New Jersey Needs To Be More Than A State Of Commuters
In New Jersey, commercial real estate developers are seeking to define themselves by more than their proximity to New York or Philadelphia. In communities across the state, the way forward is in making locations that are destinations on their own.
At Bisnow's New Jersey State of the Market event, panelists said they are focused on creating live/work/play environments, which can occur naturally in city centers but have to be curated by developers in suburban areas.
“We’re seeing [live/work/play] more desired in the suburbs than even in certain urban locations because people in the suburbs feel a little bit disconnected from playing and shopping and working in the city,” KRE Group's Jon Kushner said.
But in New Jersey and around metropolitan areas everywhere, the availability of mass transit remains paramount. Being able to walk to shopping and entertainment is great, but just as crucial is the ability to conveniently travel longer distances without driving.
“It’s critical for the target audience,” Kushner said. “They want to be able to go to work without a car.”
Bringing multifamily developments together with restaurants, child care, health services and more makes them more appealing destinations, but prospective residents go to work more often than they go to any of those places. Transit is important, but in areas farther away from the major metros, if the office is just as close as the favorite bar or grocery store, that is an environment that can truly compete with the cities.
“[In non-commuter towns], what it really comes down to is big employers,” said Russo Development CEO Ed Russo. “We’re seeing location be a huge factor, being close to an employment base — and then price. I don’t care where you are, today there’s a lot of multifamily development going on.”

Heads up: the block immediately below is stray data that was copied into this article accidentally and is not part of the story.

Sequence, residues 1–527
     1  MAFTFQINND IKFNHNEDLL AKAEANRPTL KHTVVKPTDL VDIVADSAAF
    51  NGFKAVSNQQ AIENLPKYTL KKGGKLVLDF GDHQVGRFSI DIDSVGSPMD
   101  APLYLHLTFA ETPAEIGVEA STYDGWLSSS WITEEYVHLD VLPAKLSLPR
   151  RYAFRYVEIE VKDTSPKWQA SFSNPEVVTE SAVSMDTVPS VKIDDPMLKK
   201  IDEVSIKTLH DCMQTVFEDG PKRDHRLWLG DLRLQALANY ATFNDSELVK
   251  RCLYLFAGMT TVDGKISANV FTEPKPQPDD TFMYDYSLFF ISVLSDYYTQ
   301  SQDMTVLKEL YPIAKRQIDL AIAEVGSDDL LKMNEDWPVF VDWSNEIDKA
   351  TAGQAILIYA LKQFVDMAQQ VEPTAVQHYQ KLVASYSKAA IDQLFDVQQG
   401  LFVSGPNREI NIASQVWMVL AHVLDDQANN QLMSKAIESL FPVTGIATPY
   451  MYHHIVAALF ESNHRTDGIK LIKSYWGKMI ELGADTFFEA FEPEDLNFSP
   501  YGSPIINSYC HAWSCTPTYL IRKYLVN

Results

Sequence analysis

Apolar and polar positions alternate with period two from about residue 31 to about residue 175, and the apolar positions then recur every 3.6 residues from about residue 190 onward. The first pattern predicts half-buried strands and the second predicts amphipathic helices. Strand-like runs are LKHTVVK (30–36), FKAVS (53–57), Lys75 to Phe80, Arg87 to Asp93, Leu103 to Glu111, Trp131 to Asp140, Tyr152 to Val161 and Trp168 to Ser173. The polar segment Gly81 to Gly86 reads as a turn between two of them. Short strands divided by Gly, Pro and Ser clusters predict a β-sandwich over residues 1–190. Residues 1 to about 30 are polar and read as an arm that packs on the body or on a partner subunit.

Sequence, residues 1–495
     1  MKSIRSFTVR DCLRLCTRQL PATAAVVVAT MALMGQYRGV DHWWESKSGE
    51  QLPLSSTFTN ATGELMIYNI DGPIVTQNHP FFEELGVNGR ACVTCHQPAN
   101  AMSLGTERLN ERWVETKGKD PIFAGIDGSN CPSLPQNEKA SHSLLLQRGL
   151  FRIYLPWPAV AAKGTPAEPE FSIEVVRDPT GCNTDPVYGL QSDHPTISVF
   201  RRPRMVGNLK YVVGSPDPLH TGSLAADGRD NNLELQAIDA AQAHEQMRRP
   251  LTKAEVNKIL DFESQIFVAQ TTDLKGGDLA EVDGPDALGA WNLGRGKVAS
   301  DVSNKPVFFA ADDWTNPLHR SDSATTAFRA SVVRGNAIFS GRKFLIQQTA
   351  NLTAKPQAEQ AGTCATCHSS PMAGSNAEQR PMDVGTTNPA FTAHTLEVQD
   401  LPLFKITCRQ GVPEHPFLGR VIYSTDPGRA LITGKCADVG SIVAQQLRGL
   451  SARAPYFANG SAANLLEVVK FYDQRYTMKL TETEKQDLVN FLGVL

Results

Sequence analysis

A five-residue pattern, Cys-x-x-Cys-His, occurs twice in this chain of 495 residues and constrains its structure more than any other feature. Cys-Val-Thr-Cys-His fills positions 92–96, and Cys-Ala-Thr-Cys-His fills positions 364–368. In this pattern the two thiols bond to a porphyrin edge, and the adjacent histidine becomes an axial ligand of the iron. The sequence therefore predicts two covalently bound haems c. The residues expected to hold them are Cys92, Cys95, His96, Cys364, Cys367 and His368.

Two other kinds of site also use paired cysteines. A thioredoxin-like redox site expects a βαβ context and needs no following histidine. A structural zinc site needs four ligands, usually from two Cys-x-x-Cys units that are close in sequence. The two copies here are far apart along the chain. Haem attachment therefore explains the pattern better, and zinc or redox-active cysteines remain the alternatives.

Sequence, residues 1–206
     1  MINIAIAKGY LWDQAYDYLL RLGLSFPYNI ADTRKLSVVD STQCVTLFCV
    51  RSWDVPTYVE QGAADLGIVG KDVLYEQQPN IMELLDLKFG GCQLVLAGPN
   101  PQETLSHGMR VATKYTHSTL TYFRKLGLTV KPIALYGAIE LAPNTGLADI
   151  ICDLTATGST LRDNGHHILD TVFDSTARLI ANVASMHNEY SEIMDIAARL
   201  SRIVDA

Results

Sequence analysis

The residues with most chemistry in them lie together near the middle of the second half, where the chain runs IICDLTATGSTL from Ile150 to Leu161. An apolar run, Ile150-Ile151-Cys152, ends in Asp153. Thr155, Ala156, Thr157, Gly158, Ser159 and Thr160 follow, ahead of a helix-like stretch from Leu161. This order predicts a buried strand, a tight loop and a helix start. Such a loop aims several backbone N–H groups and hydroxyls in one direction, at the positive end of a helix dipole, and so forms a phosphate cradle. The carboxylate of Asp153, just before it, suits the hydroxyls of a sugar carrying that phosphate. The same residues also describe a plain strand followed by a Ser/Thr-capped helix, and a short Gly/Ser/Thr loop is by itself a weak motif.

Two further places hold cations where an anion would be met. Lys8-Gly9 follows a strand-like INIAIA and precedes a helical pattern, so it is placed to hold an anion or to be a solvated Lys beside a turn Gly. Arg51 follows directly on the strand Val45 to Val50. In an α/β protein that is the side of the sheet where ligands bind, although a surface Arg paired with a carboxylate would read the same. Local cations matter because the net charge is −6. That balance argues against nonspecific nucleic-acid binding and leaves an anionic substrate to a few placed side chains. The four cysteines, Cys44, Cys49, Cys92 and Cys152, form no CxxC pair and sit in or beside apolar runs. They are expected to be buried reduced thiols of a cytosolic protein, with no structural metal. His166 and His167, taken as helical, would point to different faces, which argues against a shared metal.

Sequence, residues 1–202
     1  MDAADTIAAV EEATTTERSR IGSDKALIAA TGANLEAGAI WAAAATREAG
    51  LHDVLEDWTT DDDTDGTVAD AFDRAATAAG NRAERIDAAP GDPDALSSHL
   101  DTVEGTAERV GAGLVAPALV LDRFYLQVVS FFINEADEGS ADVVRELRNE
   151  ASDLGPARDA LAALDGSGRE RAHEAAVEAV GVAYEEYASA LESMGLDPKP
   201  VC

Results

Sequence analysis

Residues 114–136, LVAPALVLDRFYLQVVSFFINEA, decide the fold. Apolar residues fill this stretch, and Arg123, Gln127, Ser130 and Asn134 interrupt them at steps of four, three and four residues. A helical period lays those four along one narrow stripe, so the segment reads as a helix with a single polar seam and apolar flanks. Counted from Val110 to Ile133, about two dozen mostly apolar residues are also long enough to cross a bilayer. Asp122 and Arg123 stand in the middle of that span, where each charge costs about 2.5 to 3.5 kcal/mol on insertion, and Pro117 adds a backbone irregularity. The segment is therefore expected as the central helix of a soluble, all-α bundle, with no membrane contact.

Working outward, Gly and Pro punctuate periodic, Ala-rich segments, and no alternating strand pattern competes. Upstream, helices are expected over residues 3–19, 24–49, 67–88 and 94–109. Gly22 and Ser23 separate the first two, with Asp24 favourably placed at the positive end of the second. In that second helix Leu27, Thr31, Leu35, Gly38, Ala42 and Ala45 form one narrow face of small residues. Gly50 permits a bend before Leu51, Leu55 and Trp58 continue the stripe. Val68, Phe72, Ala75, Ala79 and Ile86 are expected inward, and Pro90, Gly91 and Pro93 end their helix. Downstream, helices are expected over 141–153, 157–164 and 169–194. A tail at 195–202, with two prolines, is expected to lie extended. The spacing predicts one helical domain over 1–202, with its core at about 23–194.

Due to a growing push for more affordable housing, developers are looking to less dense areas in New Jersey that have more relaxed expectations of set-asides.
“I’m interested to watch over the next five years,” Stephen Santola of Woodmont Properties said. “As affordable housing litigations continue, and as towns look to build larger rental communities, how do they compete with downtown counterparts? Will there be enough renters for those types of communities?”
Once again, the answer lies in proximity. Prism Partners bought the massive, defunct Hoffmann-La Roche corporate campus in Clifton and Nutley last year with the goal of creating a live/work/play environment from whole cloth. It is bringing in major employers Hackensack Meridian Health and Seton Hall to fill office space on the campus, and principal Ed Cohen said other components will follow.
“We now have the opportunity to create a village,” Cohen said. “Based upon corporate demand and the labor they’re looking to attract, our tenants our demanding the creation of an urban environment.”
As the developing environment in New Jersey becomes more competitive, with increased activity from investors, office and residential look like sure bets to be more successful in locations where they can work together. In this way, communities in the state can become more than home bases for commuters.